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END OF AN EMPIRE ! DEATH OF GENERAL GORDON AT KHARTOUM, JAN. 36, 1893.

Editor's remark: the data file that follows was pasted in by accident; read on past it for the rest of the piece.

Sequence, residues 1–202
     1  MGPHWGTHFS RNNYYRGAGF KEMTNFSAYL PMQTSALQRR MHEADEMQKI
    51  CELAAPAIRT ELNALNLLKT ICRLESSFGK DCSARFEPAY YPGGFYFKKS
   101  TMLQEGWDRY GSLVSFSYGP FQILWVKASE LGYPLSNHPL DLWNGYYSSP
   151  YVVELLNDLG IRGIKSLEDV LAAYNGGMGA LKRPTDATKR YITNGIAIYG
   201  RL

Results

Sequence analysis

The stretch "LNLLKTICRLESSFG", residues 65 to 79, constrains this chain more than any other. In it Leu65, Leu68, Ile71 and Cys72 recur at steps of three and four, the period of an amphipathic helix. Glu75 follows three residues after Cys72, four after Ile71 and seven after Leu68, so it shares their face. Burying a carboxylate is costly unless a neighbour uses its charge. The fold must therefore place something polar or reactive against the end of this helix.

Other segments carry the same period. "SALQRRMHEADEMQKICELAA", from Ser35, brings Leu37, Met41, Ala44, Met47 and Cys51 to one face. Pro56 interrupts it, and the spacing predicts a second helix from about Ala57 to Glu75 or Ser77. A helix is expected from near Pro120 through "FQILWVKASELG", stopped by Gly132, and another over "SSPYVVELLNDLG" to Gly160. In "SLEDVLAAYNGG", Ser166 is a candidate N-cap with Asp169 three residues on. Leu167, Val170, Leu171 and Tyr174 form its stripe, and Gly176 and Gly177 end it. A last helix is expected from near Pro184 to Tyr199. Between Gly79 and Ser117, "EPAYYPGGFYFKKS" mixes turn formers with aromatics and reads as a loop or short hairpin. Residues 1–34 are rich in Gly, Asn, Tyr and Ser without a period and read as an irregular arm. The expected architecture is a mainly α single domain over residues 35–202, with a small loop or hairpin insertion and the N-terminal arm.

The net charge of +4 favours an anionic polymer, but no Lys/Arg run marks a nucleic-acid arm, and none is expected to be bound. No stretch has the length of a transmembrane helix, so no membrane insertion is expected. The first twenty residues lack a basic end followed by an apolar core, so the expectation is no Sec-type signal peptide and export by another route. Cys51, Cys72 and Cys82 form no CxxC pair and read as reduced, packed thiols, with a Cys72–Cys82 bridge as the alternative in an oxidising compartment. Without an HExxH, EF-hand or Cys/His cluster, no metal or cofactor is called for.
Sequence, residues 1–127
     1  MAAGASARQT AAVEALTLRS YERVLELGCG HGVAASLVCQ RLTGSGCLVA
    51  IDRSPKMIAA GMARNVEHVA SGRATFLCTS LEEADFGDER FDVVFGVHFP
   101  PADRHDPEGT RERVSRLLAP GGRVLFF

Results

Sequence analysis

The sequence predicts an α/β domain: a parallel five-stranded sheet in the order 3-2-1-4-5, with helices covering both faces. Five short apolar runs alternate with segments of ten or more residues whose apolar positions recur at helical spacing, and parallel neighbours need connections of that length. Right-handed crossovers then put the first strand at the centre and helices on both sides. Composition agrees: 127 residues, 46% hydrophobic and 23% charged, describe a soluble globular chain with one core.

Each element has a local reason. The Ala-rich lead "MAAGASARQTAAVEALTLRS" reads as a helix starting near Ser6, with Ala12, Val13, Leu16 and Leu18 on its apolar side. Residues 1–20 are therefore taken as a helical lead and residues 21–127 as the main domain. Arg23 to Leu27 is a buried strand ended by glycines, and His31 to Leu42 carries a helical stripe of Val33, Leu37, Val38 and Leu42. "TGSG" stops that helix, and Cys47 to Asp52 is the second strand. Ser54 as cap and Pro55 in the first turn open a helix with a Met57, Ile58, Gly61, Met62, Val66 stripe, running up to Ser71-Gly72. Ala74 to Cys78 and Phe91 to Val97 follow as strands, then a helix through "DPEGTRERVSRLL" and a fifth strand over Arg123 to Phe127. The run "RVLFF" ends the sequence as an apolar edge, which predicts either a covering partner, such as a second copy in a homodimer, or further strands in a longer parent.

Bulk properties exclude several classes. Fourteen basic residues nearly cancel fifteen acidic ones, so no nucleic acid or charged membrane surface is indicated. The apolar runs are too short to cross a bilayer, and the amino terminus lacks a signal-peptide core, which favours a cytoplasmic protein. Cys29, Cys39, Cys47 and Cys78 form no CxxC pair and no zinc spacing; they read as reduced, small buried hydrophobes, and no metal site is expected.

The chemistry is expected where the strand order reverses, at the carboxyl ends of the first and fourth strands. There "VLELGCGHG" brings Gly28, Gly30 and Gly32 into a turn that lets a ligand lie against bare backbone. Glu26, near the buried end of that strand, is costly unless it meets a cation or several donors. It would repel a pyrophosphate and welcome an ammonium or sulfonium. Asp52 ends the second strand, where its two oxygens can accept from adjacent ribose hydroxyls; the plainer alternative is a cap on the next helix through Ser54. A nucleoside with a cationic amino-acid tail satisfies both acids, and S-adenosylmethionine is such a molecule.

OMDURMAN'S FALL MEANS THE MAHDI'S ANNIHILATION. The Victory of Gen. Kitchener in the Sondan Marks the Beginning of the End of the Strangest Empire Since the Day of Mohammed. After a terrific battle, characterized by the weird features and daredevil charges that have always abounded in wars with the fanatics of the Soudan, the British army of Invasion in the Mahdi's territory swept the barbarians off the field Sept. 2 and victoriously en tered the city of Omdurman on the Nile the capital of the Mahdi. It stands opposite ruined Khartoum, the city of bitter memory, where Chinese Gordon was butchered thirteen years ago, and Its occupation in a measure avenges that crime of the Soudanese barbari ans. The battle of Sept. 2 will rank In his tory as one of the fiercest of any Egyp tian campaign. Gen. Kitchener, commander-in-chief of the British expedi tion, had a combined force of British regulars, Hindu troops and Egyptians, numbering In all 25,000 men. The 10, 000 British regulars were under the im mediate command of Gen. Gatacre, while Gen. Hunter commanded the 15, 000 Hindus and Egyptians. Staten Pasha, an Austrian, who was a prison er of the Mahdi for twelve years, ac companied the expedition as a guide. Opposed to the Anglo-Egyptian army were the fanatical hordes under Ab dullah, formerly a khalifa, who has OI5EBAL K1TCBKNER. been recognized as the Mahdi since the death of the original Mahdi. In the battle outside Omdurman, the dervishes made the assault, marching to the fray, singing their weird songs and beating brass and copper drums. They were scantily clad and over them waved the black flag of their leader. "The bravery of the dervishes can not be comprehended," writes a corre spondent who witnessed the battle. "Those who carried the flags struggled to within a few hundred vards of our fighting Hne, while the wounded emirs absolutely threw their lives away In bold charges. When the flower of the Khalifa's army was finally caught In a depression and within a zone of wither ing cross fire from three brigades, the devoted Mahdists strove heroically to make headway, but every rush was stopped, while their main body was lit erally mown down by a sustained cross fire. Defiantly the dervishes planted their standards and died beside them. Time after time their dispersed and broken forces reformed and burled themselves upon the Anglo-Egyptians, their emirs conspicuously leading, and spurning death. Even when wounded and In death agonies they raised them selves to fire a last shot" I Like Mohammed's Rise. The story of Great Britain's wars In the Soudan during the past fifteen KHARTOUM, THE DERVISH CAPITAL. They presented an unbroken front for three miles. Met by a storm of British bullets they did not waver. Their ranks were broken, but with the same enthu siasm that carried the Moslems of old to victory they continued to advance. "CHINESE" GORDOS The battle waged several hours, and when the barbarians were finally driv en from the field, 2,000 men of Klch ener's command lay dead and wounded, while the dervishes lost five times that cumber. - years reads like a chapter from the life of Mohammed and his Immediate suc cessors. The rise of the Mahdi, the growth of his horde of adherents, his conquests throughout southern Egypt, his slaughter of the enemy, the luxury of his declining years, together with the tyrannical sway of his successor, who has now met defeat, form a parallel to the careers of the prophet of Arabia and his death-defying successors. It was in 1882 that the British and Egyp tian Governments learned that a cer tain dervish named Mohammed Ahmed was wandering In the Soudan, drawing all natives to him and preparing to found a mighty empire among the slave-dealing Arabs of Africa. It was said that he could turn bullets Into water. He assumed the title of Mahdi, "successor of the Prophet," organized his followers Into an army and laid siege to various villages, conquering all aud enriching himself by plundering the Inhabitants. Then, with an army of 30,000 men, he marched to El Obeid, slaughtered its defenders and estab lished there his capital Ills success caused enormous additions to his ranks, and soon all that section of Egypt was inflamed. By this time the British and Egyp tians were alarmed and sent a force under. Hicks Pasha, an English officer, down to meet him. The result was hor rible. Hicks and his men fell Into a trap In the desert and the Mahdi slew the whole 10,000. Advancing toward the rich and beau tiful city of Khartoum, he stopped at Darfur, captured it and took prisoner its Austrian commander, Staten Pasha. For twelve years this man remained a prisoner of the dervishes and was treat ed with all manner of cruelty. Terrified by the Mahdi's success. Gen. Gordon, the bravest man of the English army, was sent to defend Khartoum. He was given an inadequate force. This was at the beginning of 1SS4. He ofTered the Mahdi all the western Sou dan as his own territory, with the rec ognized rank of Sultan. In bitter re ply the Mahdi sent him back a complete set of dervish garments. Then the vic torious fanatic and pious Arab set out for Khartoum, where the hapless peo ple, deceived by the hope of English help, had lingered to welcome Gordon. Xo notice was taken of that hero's proc lamations to the Soudanese. His com munications were cut with the north, and very soon a horde numbering 200, 000 swarmed at the heels of the Mahdi Into Omdurman and the outskirts of Khartoum. This was in October, 1884 The low Nile left a part of the ram parts broken and indefensible. The vast mass of assailing dervishes made thereby their rush, iu two bands, just before the British relieving force came in sight of the white walls and green palm groves of the city. Cruel Death of Gordon, How Gordon died at his hopeless post Is thus related: "One party dashed along the parapet. breaking down all resistance and slaughtering the soldiers in all direc tions; the other party made for the town. The Inhabitants, roused from their sleep by th,e shouts of the Arabs and the din of rifle shots, hurried out. Like a pent-up stream suddenly releas ed more than 50,000 wild dervishes, with hideous yells, rushed upon the 40,- 000 inhabitants of Khartoum, besides the 5,000 soldiers all that were left of the 9,000 at the commencement of the siege. The surging mass threw Itself on the palace, overflowed into the love ly garden, and burst through the doors in wild search for their prey, but Gor don went alone to meet them. As they rushed up the stairs be came tbward them and tried to speaí to them; but they could not or would not listen, and brought to the Mahdi he appeared to have been much displeased at his death not because he felt pity for him, but believed that Gordon might join his army. Gordon's head was hung on a tree in Omdurman, and the wild mul titude rejoiced in heaping curses on It and insulting it." This undoubted triumph Intoxicated his followers with faith, but demoral ized the Mahdi. He took to unbridled luxury and died of its consequences on June 22, 18S5. The desert ascetic, whose bed had been a mat of straw, ex pired upon Persian carpets in all the splendor and state of a great Eastern prince, having founded in his brief career an empire built on the basis of slavery and reckless bloodshed. Before death he had himself nominated Ab dullah as his successor, who thus in herited a dominion stretching from Bahr-el-Ghazal to Egypt, and from Darfur to the Red Sea. The new tyrant began with very great Ideas. He proclaimed that he would conquer all Egypt, as well as Abyssinia. Tutting all laws on one side, he made himself absolute master over life and death In the Soudan, and even the valor of King John and his Abyssinians could not stand against the ardor of the dervishes. With the death of the original Mahdi there befell a split In the ranks, but they were united enough, nevertheless, to go down the XUe as far as Korosko and to send insulting letters to Queen Victoria, to the Sultan of Turkey and to the Khedive. At this time it was Gen. Grenfell who, in the cause of Egypt, stopped the Invasion of that country. The battle of Toski. on Aug. 3, 188, avenged the cruel fate of Hicks Pasha; but England had lost her best chances, and for seven years Osman Digna harassed and besieged Suakim. while El Teb and Tamal were fought in vain, and all that fair and fertile region south of Berber was abandoned to the tyranny of the Baggaras, under a sec ond Mahdi. Witi the adhesion of the numerous and warlike tribes of the Baggara, the THIS EOTPTIAX CAMEL COKPI. the first Arab plunged his huge spear Into his body. He fell forward on his face and was dragged down the stairs, many stabbing him with their spears, and his head was cut off and sent to the Mahdi. On Gordon's head being OIB TREATMENT OF SPANISH CAP- A Í JCS. Xever before in historv was there a oas where a defeateu and captive enemy re ceived such irenerous treatment as we gave the Spaniards. Equally astonishing are the cures brought about by Hosteler's Stomach witters. JNever has there been so success ful a medicine for stomach and liver din. oriers like-dyspepsia, indigestion, bilious ness uiiu constipation. jaaaL This map of the Nile region show several stac of the British advanoe on the dervish position at Omdurirsn Khalifa Abdullah has kept down all other local races under his own fierce will, as well as keeping alive the spell of the name of the first Mahdi, within whose' tomb he was often wont to lock himself up, spending the darkness in pretended communion with his Master. In some districts half the people are dead, in others the loss of life is even greater. Whole tribes have been com pletely blotted out. and In their places roam the wild beasts, spreading and in creasing In fierceness and in numbers until they bid fair to finish the de struction of the human race; for they enter huts, and women and children are no longer safe. It is some three years since Kitchener set out to redeem the lost territory and to avenge Gordon's death. The fall of Omdurman and the defeat of Abdul lah's forces means the downfall of the fanatic's empire. Nol ...om,u to kMumy Him. "I would go to the end of the world for you," he exclaimed passionately. "I'm sure I wish yon would," she answered coldly, "aud then jump off." Dear Editor: If you know of a solicitoror cnuvntfer in your city or elsew here, especially a man who has solicited for subscriptions, in surance, nursery stock, books or tailoring, or a man who can sell goods, you will confer a favor by telling him to correspond with us; or if you will insert this notict in your paper and such parties will cut this notice out and mail to us, we may be able to furnish them a vood position in their own and adjoining counties. Address. AMERICAS WOOLEX MILLS CO., Chicago! At the School Plcuiu. Lady Helper (to small boy) Will yen have some more bread and butter? Small Boy No fear wueu there's kike about. Lady Helper (trying to be kind) Cake? Certainly! Will you have plum or seed? 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